Both the EU and its 28 Member States signed up to the Convention and committed to implement it into their legal systems.  However, the European Commission argues that the EU is a unique legal entity and that because citizens could challenge decisions through their national courts, there is no need to grant direct access at the European level. This argument was rejected by the independent legal experts on the compliance committee.

EEB Policy Officer Margherita Tolotto, who has spent the last years working on Aarhus implementation, said:

“If a business believes its interests or rights are being undermined by a damaging decision at the European level, they are able to challenge the injustice directly, by taking a case to the Court of Justice of the EU. There’s no reason why the same right shouldn’t be enjoyed by environmental NGOs, working on behalf of citizens and our environment – indeed, the findings of the Compliance Committee are that EU citizens should already have this right enshrined by the EU’s commitments under the Aarhus Convention.”

Environmental NGOs have been calling for greater access to justice at the European level for many years and were delighted to read the Compliance Committee’s ruling when it was delivered in March this year. The Committee published a 24-page dense legal text, which while never likely to appeal to a mass readership, represented an important milestone for all those working on the Aarhus Convention and its implementation.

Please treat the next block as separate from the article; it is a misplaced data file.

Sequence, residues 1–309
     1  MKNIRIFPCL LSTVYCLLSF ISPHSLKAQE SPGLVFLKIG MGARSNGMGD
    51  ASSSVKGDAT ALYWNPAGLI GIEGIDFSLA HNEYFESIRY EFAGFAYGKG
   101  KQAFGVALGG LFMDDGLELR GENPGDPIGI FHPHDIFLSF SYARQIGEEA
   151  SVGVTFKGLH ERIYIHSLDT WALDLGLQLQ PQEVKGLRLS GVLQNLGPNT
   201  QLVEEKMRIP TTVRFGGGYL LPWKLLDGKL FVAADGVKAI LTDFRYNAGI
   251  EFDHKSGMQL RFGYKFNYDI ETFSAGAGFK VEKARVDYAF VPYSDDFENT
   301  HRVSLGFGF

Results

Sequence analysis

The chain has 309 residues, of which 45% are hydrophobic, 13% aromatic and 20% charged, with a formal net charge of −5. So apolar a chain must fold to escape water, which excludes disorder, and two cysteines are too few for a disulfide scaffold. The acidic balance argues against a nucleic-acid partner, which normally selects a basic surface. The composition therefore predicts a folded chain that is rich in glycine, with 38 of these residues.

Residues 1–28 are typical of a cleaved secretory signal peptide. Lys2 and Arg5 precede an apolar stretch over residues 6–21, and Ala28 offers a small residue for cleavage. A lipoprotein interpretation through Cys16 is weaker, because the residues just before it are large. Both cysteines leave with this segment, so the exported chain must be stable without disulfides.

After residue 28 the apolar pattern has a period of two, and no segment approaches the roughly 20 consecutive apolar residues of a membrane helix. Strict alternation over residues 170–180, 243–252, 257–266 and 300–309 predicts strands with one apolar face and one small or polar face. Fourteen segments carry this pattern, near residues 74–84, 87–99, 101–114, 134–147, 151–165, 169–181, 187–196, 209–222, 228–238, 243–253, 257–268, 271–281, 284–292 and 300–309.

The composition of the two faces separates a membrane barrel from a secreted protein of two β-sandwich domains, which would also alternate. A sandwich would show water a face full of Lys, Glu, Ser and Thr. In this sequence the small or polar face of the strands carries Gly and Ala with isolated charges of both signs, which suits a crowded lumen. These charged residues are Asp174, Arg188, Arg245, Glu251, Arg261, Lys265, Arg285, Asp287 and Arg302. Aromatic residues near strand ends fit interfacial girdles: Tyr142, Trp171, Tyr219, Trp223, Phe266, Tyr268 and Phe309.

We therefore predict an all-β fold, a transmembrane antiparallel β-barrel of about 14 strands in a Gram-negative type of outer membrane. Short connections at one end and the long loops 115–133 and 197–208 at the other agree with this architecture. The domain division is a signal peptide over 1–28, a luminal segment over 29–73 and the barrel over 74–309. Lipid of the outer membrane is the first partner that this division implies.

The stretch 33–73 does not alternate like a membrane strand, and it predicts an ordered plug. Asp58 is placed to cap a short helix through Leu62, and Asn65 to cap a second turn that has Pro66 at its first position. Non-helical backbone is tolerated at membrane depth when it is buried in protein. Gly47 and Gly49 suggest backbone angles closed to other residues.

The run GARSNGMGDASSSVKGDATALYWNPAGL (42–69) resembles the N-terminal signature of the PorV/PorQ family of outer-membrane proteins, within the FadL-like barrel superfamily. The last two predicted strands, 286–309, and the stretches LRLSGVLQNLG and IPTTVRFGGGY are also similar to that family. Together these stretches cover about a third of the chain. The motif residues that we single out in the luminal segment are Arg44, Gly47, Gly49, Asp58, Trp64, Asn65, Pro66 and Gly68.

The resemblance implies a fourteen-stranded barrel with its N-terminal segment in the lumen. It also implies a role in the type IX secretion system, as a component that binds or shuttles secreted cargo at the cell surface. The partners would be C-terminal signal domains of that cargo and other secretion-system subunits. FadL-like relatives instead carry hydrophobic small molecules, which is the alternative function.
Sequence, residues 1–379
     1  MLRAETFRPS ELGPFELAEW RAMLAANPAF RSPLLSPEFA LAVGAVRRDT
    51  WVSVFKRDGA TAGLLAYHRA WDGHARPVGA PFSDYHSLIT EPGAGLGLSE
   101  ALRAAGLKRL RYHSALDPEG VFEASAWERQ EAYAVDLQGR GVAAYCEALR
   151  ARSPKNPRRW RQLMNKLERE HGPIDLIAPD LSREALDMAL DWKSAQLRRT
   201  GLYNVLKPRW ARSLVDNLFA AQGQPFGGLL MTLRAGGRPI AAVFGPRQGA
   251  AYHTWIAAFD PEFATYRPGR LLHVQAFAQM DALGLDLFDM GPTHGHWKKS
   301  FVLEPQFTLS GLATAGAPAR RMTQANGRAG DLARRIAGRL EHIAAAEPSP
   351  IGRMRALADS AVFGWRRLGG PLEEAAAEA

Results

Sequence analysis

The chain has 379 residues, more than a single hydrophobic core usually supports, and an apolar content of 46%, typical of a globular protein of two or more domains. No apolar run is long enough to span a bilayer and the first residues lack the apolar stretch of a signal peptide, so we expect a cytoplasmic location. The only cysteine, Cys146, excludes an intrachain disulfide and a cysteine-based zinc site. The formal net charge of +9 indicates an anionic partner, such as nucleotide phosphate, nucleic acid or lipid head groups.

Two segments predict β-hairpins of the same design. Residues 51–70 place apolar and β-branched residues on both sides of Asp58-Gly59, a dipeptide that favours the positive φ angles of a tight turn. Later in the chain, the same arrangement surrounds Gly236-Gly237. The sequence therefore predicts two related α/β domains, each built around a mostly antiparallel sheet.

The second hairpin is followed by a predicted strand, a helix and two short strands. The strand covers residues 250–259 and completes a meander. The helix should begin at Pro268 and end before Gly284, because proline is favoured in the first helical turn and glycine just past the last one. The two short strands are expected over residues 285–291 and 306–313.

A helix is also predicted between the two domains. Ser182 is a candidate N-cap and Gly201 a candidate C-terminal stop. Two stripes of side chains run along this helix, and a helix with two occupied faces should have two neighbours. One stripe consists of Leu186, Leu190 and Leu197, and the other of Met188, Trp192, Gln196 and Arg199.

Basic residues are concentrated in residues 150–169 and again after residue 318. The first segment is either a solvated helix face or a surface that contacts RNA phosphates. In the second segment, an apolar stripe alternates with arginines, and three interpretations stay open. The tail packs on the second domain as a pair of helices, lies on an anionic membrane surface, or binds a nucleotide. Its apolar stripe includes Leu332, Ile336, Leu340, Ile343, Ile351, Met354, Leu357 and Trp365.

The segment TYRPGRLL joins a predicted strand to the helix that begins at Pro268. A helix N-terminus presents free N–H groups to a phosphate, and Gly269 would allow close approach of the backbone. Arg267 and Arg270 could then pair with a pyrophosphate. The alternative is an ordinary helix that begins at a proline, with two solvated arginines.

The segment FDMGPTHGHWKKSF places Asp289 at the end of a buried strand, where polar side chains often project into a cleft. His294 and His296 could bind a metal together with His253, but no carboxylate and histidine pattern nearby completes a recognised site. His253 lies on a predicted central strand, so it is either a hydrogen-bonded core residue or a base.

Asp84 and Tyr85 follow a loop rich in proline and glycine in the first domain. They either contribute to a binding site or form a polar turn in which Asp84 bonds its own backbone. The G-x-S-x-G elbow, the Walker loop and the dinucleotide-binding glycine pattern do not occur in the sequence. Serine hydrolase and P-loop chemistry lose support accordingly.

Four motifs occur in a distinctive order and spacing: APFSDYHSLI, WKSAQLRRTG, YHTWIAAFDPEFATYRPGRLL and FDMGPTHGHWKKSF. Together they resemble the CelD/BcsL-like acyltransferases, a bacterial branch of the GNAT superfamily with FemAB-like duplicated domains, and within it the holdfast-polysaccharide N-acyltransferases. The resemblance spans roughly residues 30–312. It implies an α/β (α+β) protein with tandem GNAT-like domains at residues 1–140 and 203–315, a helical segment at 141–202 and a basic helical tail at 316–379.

Yet just when a step towards the full and correct implementation of the Convention seemed assured, and the doors to justice could finally be opened, the European Commission made a proposal that the Committee’s findings should simply be rejected.

Responding to the Commission’s initial proposal in a joint letter in July, the EEB, ClientEarth and Justice & Environment were unequivocal about what the EU rejecting the finding of non-compliance would mean:

“It would seriously weaken the status of the Convention’s exemplary compliance mechanism, emboldening other countries in the wider region with poor human rights records to challenge the findings of the Committee when they are found in non-compliance. It would thereby severely weaken the implementation of the Convention itself, setting back almost two decades of progress in promoting environmental democracy throughout the continent of Europe and Central Asia.”

EU Ministers responded to the warning by unanimously rejecting the Commission’s proposal and instead reaching a compromise whereby the MoP would “take note” of the findings, rather than “endorse” them. However, this proposal failed to win over the other parties to the convention at the meeting in Montenegro in September. Instead, a formal decision about the EU’s non-compliance will have to wait four more years.

In the meantime NGOs will continue to fight for environmental justice and push for the full implementation of the Aarhus Convention at both national and EU level. The EU meanwhile faces serious questions about why it worked so hard to block legal rights that enforce democratic accountability and help protect the environment, and which should already be guaranteed to all Europeans.